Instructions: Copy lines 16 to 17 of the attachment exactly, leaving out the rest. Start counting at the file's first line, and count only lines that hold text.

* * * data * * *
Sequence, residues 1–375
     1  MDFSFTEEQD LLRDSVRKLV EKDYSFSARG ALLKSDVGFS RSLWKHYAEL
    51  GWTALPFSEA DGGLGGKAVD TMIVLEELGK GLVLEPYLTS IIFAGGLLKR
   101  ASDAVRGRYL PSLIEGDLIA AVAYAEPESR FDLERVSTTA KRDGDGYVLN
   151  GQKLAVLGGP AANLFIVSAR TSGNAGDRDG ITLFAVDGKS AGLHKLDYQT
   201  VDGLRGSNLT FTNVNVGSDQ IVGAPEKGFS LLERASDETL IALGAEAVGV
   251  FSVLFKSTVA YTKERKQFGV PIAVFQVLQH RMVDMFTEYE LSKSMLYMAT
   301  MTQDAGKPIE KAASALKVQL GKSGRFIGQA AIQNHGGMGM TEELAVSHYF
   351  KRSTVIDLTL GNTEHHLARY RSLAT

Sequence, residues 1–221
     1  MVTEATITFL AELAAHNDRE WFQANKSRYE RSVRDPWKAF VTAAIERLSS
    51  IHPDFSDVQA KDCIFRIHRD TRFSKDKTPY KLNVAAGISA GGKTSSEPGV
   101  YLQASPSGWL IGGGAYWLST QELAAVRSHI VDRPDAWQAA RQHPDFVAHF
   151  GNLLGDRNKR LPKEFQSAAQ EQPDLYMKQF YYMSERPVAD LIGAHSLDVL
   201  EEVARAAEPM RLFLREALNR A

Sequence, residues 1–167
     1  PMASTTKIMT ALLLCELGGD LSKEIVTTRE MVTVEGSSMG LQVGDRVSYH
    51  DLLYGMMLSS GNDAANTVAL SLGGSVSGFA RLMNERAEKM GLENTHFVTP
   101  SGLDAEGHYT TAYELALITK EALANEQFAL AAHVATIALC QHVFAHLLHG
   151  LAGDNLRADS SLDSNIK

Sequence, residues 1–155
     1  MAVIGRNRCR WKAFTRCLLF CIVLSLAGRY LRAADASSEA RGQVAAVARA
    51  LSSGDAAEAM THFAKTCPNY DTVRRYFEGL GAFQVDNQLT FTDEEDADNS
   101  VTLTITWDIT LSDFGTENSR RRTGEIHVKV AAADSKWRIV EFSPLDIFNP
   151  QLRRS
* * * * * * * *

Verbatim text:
Sequence, residues 1–167
     1  PMASTTKIMT ALLLCELGGD LSKEIVTTRE MVTVEGSSMG LQVGDRVSYH